Any ideas on how to present a [seminar] I am presenting about, "It is in man's nature to struggle for freedom"

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litteacher8 | High School Teacher | (Level 3) Distinguished Educator

Posted on

It does seem to be human nature to want to be free. In our earliest days, we were hunter gatherers. Although we were in tribes, we didn't answer to a complex society and a dictator was likely to be replaced quickly. People will always struggle for freedom.
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Ashley Kannan | Middle School Teacher | (Level 3) Distinguished Educator

Posted on

I think that more detail in the question is needed in order to successfully render an answer that will assist you.  The first issue into which I would have to delve deeper would be what type of literature is going to be the basis of the seminar.  What would be offered up in terms where the discussion is going?  What situations are you analyzing in terms of identifying the struggle for freedom?  I think that it might help your seminar and your discussion by being able to discuss specific personal examples from those participating as to a moment in their own lives where the struggle for personal freedom was most important?  What was the situation?  What did freedom look like?  What were the obstacles being battled?  I think being able to open with this exploration and then being able to transfer this to the specific context of man's freedom through literary analysis might be able to provide a strong sense of structure to your seminar.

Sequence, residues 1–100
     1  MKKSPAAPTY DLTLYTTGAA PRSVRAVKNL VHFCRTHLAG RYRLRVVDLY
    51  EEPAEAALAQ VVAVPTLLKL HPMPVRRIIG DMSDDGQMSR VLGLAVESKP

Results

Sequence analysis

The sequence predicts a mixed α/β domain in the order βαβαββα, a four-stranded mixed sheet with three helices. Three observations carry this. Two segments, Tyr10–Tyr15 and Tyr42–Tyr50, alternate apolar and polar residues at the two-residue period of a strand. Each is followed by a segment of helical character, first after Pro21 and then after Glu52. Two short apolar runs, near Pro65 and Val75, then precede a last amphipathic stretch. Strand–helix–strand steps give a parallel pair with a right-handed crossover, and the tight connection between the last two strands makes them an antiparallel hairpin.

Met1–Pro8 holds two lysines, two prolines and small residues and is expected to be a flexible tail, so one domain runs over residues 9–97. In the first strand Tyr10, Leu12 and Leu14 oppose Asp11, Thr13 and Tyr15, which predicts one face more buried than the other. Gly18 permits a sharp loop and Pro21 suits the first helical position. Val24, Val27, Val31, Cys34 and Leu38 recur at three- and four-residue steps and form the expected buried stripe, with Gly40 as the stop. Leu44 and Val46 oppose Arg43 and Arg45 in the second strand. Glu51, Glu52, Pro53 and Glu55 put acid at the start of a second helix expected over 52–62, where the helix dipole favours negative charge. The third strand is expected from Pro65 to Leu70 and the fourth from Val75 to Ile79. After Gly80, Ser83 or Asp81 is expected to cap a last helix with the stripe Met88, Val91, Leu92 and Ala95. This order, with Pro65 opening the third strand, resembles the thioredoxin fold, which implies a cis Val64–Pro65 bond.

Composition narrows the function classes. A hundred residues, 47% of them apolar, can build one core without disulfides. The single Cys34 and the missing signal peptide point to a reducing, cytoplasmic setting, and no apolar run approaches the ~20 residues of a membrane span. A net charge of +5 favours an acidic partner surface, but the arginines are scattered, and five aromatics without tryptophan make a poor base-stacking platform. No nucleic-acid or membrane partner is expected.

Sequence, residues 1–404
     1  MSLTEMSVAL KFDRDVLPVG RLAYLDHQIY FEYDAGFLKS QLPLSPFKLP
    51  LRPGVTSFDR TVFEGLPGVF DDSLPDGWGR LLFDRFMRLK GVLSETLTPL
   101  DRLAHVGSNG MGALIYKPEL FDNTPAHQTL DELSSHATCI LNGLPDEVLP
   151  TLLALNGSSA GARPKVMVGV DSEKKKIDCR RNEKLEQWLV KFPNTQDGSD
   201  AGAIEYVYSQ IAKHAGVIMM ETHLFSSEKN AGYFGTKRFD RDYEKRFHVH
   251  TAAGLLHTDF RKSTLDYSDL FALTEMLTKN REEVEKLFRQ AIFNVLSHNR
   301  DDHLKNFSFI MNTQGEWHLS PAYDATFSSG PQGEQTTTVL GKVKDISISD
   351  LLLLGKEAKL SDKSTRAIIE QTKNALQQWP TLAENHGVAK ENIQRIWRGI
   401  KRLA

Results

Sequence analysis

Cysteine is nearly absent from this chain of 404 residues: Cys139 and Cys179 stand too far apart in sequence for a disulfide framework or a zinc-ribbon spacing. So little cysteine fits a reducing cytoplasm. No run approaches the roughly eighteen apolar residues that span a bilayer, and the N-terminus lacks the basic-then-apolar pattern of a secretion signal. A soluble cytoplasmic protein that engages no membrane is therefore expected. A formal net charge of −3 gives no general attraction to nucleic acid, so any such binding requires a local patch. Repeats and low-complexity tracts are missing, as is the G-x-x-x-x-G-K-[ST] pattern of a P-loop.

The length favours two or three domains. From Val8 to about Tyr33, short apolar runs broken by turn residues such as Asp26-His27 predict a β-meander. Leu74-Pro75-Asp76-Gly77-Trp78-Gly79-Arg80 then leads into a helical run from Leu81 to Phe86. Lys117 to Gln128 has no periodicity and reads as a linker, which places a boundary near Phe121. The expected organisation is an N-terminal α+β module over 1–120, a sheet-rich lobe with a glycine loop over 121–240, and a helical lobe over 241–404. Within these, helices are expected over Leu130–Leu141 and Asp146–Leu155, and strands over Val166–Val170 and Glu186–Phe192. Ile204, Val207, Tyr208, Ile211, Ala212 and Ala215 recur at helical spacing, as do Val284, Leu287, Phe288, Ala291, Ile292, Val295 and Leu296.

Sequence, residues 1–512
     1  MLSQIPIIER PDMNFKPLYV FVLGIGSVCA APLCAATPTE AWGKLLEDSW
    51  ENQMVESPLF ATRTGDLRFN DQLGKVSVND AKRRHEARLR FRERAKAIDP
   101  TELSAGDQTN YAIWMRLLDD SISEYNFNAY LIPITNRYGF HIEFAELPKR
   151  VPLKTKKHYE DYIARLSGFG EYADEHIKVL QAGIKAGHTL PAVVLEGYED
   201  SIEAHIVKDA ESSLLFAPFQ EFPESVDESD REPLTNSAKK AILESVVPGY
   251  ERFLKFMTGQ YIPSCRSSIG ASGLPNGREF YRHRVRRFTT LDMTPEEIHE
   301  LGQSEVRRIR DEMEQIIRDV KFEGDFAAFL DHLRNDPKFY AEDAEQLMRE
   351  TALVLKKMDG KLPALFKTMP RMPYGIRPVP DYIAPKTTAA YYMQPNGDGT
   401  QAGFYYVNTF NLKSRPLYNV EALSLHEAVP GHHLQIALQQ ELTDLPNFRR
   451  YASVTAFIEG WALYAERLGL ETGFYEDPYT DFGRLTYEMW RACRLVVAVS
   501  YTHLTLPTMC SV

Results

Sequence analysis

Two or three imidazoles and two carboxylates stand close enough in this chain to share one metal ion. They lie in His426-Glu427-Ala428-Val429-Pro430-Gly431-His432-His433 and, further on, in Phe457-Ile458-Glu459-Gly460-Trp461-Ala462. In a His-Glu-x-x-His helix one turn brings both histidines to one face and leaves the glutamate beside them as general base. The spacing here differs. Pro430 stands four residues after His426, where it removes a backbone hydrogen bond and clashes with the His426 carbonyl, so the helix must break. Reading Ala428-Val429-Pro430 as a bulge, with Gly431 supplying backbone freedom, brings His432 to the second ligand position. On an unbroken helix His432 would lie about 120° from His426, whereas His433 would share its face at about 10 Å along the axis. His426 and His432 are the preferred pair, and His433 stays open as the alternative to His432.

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kc4u | College Teacher | (Level 3) Valedictorian

Posted on

This theme can be attempted historically looking at the history of de-colonization in the latter half of the 20th century for example. The notion of a mass-movement, elite versus people's politics, anti-colonial nationalism and an ironic and hidden persistence of colonial hegemony in neo-colonial terms, the problem of the subaltern---all these issues can be approached.

The theme can also be treated philosophically e.g. the existentialist notion of freedom and Sartre's ideas on it or going further back, for that matter, into the Greek notion Eleutheria.

The theme can be seen politically from a broadly socialist point of view with notions of class struggle, leading to revolution and the withering away of the state along with a re-establishment of the ancient classless society.

Social Darwinism in the struggle for existence and the survival of the fittest via natural selection can be yet another paradigm.

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